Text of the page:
Thursday, July 11, 2013


It's entirely to easy to get fixated on some thing, a topic, an idea and then tend to let everything else in
our lives fade into the background without focus or attention. We all tend to do this to some extent. I believe it is in someway innate to human nature. Some times it may be completely healthy, for instance, when we use this high powered perception and focus to drive us to learn and educate ourselves about something previously unknown or not understood in our frame of reference or scope of experience. Each person, as they pursue their own education in life, tend to specialize in what ever they find themselves suited for, have an aptitude in, or interest about,  for many and all myriad different reasons. In other instances and circumstances, I think it can be unhealthy or at least not life giving in the long term.

I am all too familiar with fascination, fixation and scrutiny of different concepts to the exclusion of all others. My life has been rather a testament and temple to this type of behaviour. I cannot say that it has always been healthy. Perhaps the study and absorption with the topic at hand has not been ill intended in itself, but rather the the negative part is the exclusion of other things that hold, if not least the same import, possibly even more importance and urgency than whatever or whomever has captured my attention currently. (I am not good at communicating with brevity and clarity yet. My brain needs and editor)

In short, I feel that my personal education in this life, as best outlined and described by my personal talents, aptitudes and abilities, has been ill served by these last years of wandering and milling about seeing never quite farther than the tip of my own nose and  edge of my mind. While I am not defined by what has happened to me or the choices I have made in my past, in many ways, those circumstances, life events, choices and personal decisions have certainly helped shape and create the person that I am this day. I am not a person who lives with or tolerates regret in any fashion but even a cursory examination of my past shows me in detail other paths and choices that would have resulted in a rather far different present than the one I currently inhabit.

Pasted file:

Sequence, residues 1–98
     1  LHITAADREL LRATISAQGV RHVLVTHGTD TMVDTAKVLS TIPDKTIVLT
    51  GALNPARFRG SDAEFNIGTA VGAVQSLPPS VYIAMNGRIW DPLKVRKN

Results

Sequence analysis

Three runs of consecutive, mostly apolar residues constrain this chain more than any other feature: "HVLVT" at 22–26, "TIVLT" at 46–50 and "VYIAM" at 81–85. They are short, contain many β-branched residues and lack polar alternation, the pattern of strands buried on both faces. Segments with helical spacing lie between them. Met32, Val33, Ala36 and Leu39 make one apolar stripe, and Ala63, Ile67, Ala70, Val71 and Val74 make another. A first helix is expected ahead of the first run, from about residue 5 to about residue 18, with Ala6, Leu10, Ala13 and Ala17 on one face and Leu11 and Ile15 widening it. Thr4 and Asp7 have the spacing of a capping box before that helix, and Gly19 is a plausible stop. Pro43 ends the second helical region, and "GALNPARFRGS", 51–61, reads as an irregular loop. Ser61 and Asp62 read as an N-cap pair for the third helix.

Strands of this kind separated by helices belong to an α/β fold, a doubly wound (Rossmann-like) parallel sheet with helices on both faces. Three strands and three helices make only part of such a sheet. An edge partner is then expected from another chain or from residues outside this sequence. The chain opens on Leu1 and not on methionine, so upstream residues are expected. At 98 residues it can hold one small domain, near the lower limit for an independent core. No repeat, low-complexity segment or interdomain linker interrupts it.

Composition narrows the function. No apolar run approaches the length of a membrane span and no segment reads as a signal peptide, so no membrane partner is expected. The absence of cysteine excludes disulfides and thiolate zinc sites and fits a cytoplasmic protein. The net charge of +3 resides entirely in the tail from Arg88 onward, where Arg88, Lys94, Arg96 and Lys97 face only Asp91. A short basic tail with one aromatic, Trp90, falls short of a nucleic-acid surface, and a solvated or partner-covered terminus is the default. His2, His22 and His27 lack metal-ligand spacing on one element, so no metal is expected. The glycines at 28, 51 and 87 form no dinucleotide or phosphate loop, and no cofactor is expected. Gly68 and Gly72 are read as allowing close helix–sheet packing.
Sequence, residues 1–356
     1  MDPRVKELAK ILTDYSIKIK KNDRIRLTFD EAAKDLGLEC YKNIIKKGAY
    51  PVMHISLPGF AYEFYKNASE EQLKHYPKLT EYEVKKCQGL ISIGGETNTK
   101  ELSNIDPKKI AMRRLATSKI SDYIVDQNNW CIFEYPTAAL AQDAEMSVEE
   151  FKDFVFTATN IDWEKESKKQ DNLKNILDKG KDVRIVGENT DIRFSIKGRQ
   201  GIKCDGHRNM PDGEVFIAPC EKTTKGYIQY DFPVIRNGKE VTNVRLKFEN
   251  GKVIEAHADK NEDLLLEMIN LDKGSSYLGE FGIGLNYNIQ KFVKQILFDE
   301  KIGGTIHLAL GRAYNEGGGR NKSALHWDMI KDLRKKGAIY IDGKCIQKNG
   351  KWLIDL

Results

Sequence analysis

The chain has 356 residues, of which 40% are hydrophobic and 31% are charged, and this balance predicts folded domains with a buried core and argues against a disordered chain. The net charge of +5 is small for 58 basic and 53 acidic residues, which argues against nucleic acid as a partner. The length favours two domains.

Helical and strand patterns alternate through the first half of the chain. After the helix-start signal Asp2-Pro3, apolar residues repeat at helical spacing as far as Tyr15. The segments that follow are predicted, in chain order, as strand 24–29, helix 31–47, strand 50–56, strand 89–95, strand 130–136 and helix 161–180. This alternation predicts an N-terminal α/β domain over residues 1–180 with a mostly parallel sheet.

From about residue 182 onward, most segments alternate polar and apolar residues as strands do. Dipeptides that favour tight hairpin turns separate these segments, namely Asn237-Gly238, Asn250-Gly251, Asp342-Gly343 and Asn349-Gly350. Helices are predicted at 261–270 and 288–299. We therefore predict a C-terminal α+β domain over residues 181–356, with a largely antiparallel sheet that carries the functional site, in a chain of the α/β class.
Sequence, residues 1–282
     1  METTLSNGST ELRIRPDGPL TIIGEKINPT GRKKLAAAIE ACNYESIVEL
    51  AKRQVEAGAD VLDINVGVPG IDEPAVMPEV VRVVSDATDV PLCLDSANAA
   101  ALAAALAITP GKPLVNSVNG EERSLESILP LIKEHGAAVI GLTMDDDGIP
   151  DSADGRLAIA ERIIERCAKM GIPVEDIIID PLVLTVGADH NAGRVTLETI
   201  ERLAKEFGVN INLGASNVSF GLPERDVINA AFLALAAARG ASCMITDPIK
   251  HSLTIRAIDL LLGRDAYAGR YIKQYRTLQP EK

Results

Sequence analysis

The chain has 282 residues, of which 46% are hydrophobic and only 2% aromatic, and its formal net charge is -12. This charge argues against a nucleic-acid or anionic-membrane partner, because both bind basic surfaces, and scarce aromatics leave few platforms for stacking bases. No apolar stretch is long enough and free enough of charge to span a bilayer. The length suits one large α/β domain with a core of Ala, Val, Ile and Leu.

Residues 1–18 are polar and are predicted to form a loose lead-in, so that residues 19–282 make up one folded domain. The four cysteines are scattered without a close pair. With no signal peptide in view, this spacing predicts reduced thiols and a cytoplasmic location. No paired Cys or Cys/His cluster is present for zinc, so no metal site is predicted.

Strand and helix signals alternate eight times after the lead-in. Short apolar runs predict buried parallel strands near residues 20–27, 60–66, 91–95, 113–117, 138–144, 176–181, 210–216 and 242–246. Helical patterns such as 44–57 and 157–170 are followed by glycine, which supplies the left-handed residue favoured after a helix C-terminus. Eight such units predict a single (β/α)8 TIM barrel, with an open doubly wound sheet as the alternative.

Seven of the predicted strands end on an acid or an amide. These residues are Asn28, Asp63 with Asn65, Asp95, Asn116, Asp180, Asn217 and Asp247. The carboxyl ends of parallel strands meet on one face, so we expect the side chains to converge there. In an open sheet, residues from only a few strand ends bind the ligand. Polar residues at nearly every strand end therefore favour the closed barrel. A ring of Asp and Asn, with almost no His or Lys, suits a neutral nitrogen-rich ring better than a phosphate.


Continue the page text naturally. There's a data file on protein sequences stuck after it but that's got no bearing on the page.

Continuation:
Call it a moment of clarity if you will, but considering the fact that I have yet to find anything in life that I cannot learn or do when I put my mind to the task (not that I find anything and everything interesting) I feel that there have been innumerable days and years wasted in the furthering of my own curiosity about ephemera and non-consequential ideas than have been applied diligently and brought to bear in wresting some type of meaning or contribution to myself and others. While I do not bemoan this fact, it certainly gives me a bit of pause.

For instance, the career and employment that I currently am working on is based purely on a whim. I was not surprised to find I have a natural skill and talent for cooking and culinary presentation, but never really in my life past did I give serious consideration towards becoming a Chef in my own right. Beyond idle speculation and cursory examination of the skills and education needed, I can't say it ever really crossed my mind. (I did look at some Culinary schools online, if that counts? In fact, I even visited one!) I do enjoy cooking and it is something that I spent time learning on my own (namely from books and practicing at home and on my friends and family) but it is not something that I picked intentionally for any plausible reason besides passing interest. While that may sound earth shattering or bewildering to some, I am okay with this fact, and am pretty sure that many people in this life find themselves in careers in a rather similar haphazard and random fashion. (Or maybe they don't and I am just crazy.)